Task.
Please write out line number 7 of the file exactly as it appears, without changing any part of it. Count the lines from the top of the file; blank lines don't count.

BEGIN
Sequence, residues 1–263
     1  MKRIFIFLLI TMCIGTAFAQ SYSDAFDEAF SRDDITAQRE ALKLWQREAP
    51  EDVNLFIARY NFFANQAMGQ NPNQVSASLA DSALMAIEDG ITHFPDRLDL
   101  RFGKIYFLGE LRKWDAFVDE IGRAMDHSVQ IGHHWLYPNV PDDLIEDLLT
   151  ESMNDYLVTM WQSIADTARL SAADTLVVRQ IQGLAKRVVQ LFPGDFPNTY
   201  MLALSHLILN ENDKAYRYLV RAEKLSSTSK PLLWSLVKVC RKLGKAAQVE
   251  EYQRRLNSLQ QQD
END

   251  EYQRRLNSLQ QQD